If you have ever worn Birkenstock sandals you know what it means to have a Birkenstock tan line. After spending time in the sun, Birkenstocks can leave odd strap marks on the tops of your feet. The type of tan line you create is determined by the model of Birkenstocks you wear. People who don’t wear Birkenstocks often laugh about the odd tan lines created by Birkenstock sandals. I am here to tell you that Birkenstock tan lines are no laughing matter.
Our feet are exposed to the sun for long periods of time when we wear Birkenstocks outdoors. It’s not obvious, but even on cloudy or overcast days we are exposed to harmful UV rays. According to the American Scientist Magazine, UV rays are most harmful on cloudy days. The American Scientist states that in terms of harmful UV rays, “the U.S. National Weather Service and Environmental Protection Agency…figure 89 percent transmission for scattered clouds, 73 percent transmission for broken clouds and 32 percent transmission for overcast conditions.” People tend to remember to use sunscreen on warm hot days, but the worst burns often happen on cloudy days, when we least expect a sunburn. It is just as important to apply sunscreen to your feet whenever you sport your Birkenstocks, as it is to wear sunscreen on your face everyday.
My “Birkenstock Buddy” and I were talking about Birkenstock tan lines the other day. She mentioned how the top of her feet had gotten sunburnt after spending just a few hours outdoors while wearing her Birks. That morning she had applied a homeopathic oil to her feet in an effort to ease discomfort caused by Guillian Barre Syndrome (GBS). She left the house in her Balis and came home a few hours later with the tops of her feet burned. Her feet, which are already hypersensitive due to GBS, had become even more painful. She realized the homeopathic remedy likely exacerbated the sunburn. In hind sight, she wishes that she applied a layer of sunscreen to her feet, on top of the homeopathic oil, to protect her skin from the sun.
Putting sunscreen on your feet may seem like an odd thing to do, but it is essential to protect your skin from harmful UV rays. I am prone to freckles and at a young age a dermatologist stressed to me the importance of applying sunscreen to my skin every single day. I have applied sunscreen on my face daily since I was 15 years old, but I have not used sunscreen on my feet on a regular basis. The only time I remember to put sunscreen on my feet is when I take a tropical vacation.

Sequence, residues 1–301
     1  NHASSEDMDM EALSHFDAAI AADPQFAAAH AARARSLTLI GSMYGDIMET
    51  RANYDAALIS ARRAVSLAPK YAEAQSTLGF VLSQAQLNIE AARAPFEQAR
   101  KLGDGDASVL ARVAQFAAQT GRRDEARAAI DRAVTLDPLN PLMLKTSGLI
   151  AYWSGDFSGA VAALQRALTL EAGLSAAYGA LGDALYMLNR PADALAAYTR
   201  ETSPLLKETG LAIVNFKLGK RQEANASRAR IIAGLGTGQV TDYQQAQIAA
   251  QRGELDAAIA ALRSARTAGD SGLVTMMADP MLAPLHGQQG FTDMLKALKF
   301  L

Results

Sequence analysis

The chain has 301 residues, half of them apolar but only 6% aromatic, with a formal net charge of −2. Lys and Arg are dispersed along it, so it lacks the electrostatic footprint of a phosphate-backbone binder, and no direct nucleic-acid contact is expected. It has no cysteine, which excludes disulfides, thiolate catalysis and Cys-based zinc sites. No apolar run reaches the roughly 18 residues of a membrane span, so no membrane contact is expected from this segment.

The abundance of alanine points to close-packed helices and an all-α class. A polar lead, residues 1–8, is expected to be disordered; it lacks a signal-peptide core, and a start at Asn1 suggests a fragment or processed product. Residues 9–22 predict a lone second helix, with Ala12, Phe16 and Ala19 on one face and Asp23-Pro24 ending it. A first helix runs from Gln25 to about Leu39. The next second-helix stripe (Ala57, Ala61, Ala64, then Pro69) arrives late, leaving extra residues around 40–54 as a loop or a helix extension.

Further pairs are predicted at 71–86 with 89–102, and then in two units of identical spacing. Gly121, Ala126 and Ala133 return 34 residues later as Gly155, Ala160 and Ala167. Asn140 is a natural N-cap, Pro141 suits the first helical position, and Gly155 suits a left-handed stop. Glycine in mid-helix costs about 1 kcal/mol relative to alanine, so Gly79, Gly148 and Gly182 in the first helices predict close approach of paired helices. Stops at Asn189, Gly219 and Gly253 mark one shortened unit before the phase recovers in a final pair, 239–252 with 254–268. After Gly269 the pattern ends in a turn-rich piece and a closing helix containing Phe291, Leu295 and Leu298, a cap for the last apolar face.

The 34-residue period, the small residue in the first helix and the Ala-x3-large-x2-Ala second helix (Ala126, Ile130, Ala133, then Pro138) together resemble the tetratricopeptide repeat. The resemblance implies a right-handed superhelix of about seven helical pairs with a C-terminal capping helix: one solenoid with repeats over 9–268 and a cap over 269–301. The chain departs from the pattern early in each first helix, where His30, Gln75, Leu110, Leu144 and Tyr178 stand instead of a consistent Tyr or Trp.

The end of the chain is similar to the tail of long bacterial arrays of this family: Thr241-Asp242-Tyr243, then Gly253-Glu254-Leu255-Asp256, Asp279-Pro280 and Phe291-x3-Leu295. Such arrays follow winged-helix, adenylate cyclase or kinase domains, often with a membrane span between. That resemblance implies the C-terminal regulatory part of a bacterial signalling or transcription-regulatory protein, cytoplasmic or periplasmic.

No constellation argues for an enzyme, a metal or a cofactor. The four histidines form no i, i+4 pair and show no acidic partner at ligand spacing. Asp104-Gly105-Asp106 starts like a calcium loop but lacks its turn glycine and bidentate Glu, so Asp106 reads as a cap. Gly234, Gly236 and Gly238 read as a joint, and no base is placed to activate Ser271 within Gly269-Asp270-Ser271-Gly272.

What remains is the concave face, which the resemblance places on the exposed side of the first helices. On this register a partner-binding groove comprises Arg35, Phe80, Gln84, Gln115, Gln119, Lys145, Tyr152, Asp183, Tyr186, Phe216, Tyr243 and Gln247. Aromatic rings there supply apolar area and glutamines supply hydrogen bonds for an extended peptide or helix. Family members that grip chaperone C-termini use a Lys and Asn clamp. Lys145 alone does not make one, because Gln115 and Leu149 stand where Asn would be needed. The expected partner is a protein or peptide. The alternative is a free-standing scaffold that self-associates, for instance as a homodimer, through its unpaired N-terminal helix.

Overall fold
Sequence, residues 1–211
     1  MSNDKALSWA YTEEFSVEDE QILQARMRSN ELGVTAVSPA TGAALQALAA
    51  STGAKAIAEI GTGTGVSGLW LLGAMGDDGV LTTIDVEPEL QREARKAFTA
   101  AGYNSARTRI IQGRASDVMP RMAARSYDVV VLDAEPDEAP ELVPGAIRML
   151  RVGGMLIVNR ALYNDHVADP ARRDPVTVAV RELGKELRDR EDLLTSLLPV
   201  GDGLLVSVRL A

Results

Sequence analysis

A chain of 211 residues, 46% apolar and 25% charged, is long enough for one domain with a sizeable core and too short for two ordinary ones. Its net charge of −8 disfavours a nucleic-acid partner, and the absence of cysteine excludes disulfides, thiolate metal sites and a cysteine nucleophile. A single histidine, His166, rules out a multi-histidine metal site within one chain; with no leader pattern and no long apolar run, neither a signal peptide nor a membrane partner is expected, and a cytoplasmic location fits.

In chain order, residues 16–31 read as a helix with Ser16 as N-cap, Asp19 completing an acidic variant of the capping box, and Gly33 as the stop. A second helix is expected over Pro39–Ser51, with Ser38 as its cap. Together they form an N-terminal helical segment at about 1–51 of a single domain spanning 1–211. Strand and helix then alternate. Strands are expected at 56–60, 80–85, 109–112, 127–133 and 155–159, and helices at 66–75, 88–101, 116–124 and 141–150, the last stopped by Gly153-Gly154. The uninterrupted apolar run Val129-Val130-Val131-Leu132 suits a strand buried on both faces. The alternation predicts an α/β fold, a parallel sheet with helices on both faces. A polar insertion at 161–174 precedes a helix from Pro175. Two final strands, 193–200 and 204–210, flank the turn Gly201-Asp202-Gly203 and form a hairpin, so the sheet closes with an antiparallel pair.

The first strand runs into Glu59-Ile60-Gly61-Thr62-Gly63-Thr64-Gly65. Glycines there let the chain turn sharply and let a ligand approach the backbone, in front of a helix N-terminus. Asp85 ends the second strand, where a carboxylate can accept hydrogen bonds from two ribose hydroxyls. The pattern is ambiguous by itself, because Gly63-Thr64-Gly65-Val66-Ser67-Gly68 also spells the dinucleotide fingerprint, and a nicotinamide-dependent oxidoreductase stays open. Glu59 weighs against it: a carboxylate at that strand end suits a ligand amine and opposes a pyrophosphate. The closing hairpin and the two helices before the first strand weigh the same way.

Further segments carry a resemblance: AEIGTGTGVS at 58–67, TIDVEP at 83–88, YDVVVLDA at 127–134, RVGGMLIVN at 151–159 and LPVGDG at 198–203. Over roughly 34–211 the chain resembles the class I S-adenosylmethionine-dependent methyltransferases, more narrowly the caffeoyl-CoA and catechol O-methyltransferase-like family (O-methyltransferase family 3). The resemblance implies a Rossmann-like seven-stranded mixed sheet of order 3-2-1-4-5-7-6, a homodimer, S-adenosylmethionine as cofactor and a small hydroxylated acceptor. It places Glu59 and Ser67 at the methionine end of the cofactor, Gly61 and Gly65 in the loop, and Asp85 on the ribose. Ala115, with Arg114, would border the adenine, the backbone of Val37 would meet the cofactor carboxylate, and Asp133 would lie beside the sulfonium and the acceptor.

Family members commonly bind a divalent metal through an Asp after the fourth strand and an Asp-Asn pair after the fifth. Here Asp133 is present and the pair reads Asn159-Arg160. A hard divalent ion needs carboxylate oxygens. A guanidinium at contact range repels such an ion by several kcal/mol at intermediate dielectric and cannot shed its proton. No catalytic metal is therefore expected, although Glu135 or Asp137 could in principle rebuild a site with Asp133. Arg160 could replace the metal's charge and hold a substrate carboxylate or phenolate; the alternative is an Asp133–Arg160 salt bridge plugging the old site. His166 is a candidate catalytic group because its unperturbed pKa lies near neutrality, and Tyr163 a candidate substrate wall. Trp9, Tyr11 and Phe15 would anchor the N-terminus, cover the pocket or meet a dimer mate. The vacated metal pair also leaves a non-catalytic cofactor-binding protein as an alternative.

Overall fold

Two months ago I knew it was time to make daily sunscreen application to my feet a habit because my dad had been diagnosed with a melanoma inside his ear. If a melanoma can develop on the inside portion of one's ear, I assume a skin cancer could also develop on one’s feet, especially when that individual wears sandals on a regular basis. I now apply sunscreen to my feet on the days I wear Birkenstock sandals. You might be asking, “What kind of sunscreen do you use on your feet, Gina Mama?” I use a broad spectrum sunscreen that protects against UVA and UVB rays.
According to Kaiser Permanente, ”Sunlight contains two types of potentially harmful rays — ultraviolet A (UVA) and ultraviolet B (UVB) rays. UVB rays are the primary cause of sunburn and skin cancer. UVA rays penetrate deeply into the skin and cause wrinkles and also increase skin cancer risk. You need to use your sunscreen every day, all year round, even when it's cloudy, to protect your skin.” Thus, it is important to use a broad spectrum sunscreen all year round when you are wearing Birkenstock sandals.
There are many different levels of Sun Protection Factor (SPF) available to the consumer. Kaiser Permanente explains that the SPF rating is a measurement of how well a sunscreen will protect your skin from Ultra Violet rays. Kaiser Permanente states “An SPF of 30 is sufficient…While you may be tempted to purchase a sunscreen with a higher SPF, keep in mind that those with a higher SPF are often more expensive, so people make the mistake of using less. Instead, opt for a less expensive sunscreen with sufficient SPF and reapply every two hours.” I tend to carry sunscreen in my bag and reapply every few hours when I am outdoors.
In addition to various SPF ratings, there are many different types of sunscreens available. Sunscreen can be found in cream, oil, spray, stick, or gel forms. There are sunscreens for adults, children, babies, and those with sensitive skin. Whichever sunscreen meets your needs, make sure you opt for one that is waterproof. Waterproof sunscreen is less likely to wear off when you become sweaty or wet.
Kaiser Permanente recommends applying sunscreen generously to your skin, early and often. I suggest you be kind to yourself and follow these recommendations. You can protect yourself from harmful UV rays and avoid embarrassing Birkenstock tan lines.